Posts Tagged ‘PPE’

On November 29th, the EPA released its Proposed Interim Decisions (PIDs) for the rodenticides with labelchanges that, if implemented, will have a major impact on all Pest Management Professionals (PMPs) who apply rodenticides. The industry and the public will have until February 13, 2023, to submit written comments.

The EPA proposals that would affect PMPs are the following:

  • All rodenticides would be classified as Restricted Use Pesticides (RUPs), which would restrict their sale anduse to state-licensed certified pesticide applicators. States do not have uniform regulations for RUPs, but in general, requirements include passing an exam to obtain the license, taking regular additional training for continuing education units (CEUs), and keeping records of applications when doing something as simple as refilling bait stations at a commercial or residential property.
  • The PPE label requirement for gloves would be changed to chemical resistant gloves, generally with athickness ≥ 14 mils (thicker than the current standard) which are unnecessary, more costly, and cumbersome when placing baits.
  • Loose bait applications (pellets, treated grains, and meals) will require applicators to use elastomeric halfmask respirators (APF10). The use of respirators during the physically demanding process of applying rodenticides poses hazards to the wearer, including heat exhaustion and breathing difficulties. The mask fitting, training and medical evaluation requirements for employees would increase the costs to pest control companies.
  • The cancellation of surface (non-bait station) applications of the first generation anticoagulants and zincphosphide for ground squirrels and voles on turf, lawns, recreation areas and other sites accessible to childrenand pets will make treatment unfeasible in some circumstances, and increase costs and decrease treatmentefficacy for most sites. Municipalities, facility managers, and PMPs who provide services to these customers are among those who will be impacted. These applications protect public parks, sports playing fields, golf courses, and other areas where rodents cause physical damage and harbor parasites and diseases.

The Rodenticide Task Force’s website Home | Rodenticide Task Force (responsiblerodenticides.org) has the EPA’s documents organized and available for downloading, as well as summaries of the mitigation measures.There are detailed instructions on how to submit comments, links to the EPA’s comment submission portal onRegulations.gov, and templates for comment letters that people can customize to provide comments on the mitigation measures that will affect them. These comments will assist the Task Force and other industry organizations in having a constructive dialogue with the EPA about how the proposed changes decrease efficacy and increase costs. We encourage all PMPs to make their voice heard through this coordinated industry campaign.

The Roach

An advanced training program on roaches and their control in residential, commercial and healthcare facilities. Learn about their biology and habits, characteristics and health impact. There will be a special emphasis on the latest products, techniques and equipment.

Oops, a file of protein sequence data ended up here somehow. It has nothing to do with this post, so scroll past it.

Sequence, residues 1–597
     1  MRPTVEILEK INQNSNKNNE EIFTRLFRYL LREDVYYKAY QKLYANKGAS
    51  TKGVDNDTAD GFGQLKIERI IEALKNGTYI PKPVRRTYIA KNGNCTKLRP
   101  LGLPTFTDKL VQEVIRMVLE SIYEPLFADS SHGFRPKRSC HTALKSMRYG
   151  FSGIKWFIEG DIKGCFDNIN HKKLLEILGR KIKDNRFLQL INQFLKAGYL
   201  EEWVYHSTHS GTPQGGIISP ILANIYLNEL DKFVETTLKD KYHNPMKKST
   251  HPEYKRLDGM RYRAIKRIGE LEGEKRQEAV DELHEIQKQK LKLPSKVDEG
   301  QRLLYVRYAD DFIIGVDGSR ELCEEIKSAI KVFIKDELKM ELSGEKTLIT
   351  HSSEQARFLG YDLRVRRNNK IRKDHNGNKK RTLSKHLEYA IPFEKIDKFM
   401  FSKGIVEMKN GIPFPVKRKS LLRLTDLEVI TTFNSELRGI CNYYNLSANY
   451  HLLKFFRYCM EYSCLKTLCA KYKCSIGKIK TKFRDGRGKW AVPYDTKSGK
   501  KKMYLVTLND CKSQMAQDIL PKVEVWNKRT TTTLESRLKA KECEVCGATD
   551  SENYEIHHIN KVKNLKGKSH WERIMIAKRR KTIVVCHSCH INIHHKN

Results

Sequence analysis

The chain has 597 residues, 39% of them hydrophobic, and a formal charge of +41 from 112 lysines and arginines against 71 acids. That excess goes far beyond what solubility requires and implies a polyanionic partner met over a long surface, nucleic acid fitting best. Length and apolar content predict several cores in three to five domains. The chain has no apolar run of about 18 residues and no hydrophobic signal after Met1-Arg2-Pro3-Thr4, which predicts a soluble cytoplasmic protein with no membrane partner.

Thursday, August 27, 2020

12:30 pm to 4:30 pm

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This Just in

Protector Hand Sanitizer Contains 75% isopropyl alcohol and hydrogen peroxide. Used by the British armed forces. $5.00

 

Monark SB contains 0.005% of the second-generation anticoagulant difenacoum. The only difenacoum soft bait in America. Monark soft bait is formulated using a blend of high-quality culinary-grade wheat flour, chopped grain and soft lard to produce a palatable bait that is attractive to both rats and mice. Because it doesn’t contain any allergens, it can be used in sensitive areas such as food processing facilities. Soft baits remain pliable even in freezing temperatures. Monark Soft Bait is available in 16-lb buckets of 480 x 15g sachets. Special intro price while supplies last.

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The key to success in any termite job is to follow these principles:

  • Choose appropriate products and follow label directions to the letter.
  • Keep up-to-date with your state regulations.
  • Follow personal protective equipment (PPE) requirements.
  • Carry a spill kit, and have a first-aid kit on hand.
  • Use the right equipment, and always invest in the highest quality tools you can afford.
  • Don’t forget your tool-repair kits, extension cords, cleanup materials and a drill interrupter.
  • Maintain the correct pressure when performing subsoil applications.
  • Calibrate your equipment so you maintain the proper flow rate.
  • Treat all access points, and space your drill holes properly so you ensure an uninterrupted barrier.
  • Incorporate foaming in your program.
  • Use as many treatment options as practical, such as subsoil, direct wood and gallery treatments, void applications, and baiting systems, among others.

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are you serious lookimage source: Gloves By Web

Pest control techs are notorious for not using personal protective equipment (PPE) like gloves, hardhats, safety glasses, bunnysuits, or respirators.

If you’re guilty of walking into “the line of fire” unprotected, you can come clean … many pest control professionals have done the same. But whether you’re a technician, a supervisor, or the boss, there’s no excuse for not using PPE when you face real hazards at work. PPE protects you from numerous dangers that you could face throughout a normal day of work.

Still, there are lots of bad reasons for not wearing PPE. Here are some of our favorites:

Excuse #1 (more…)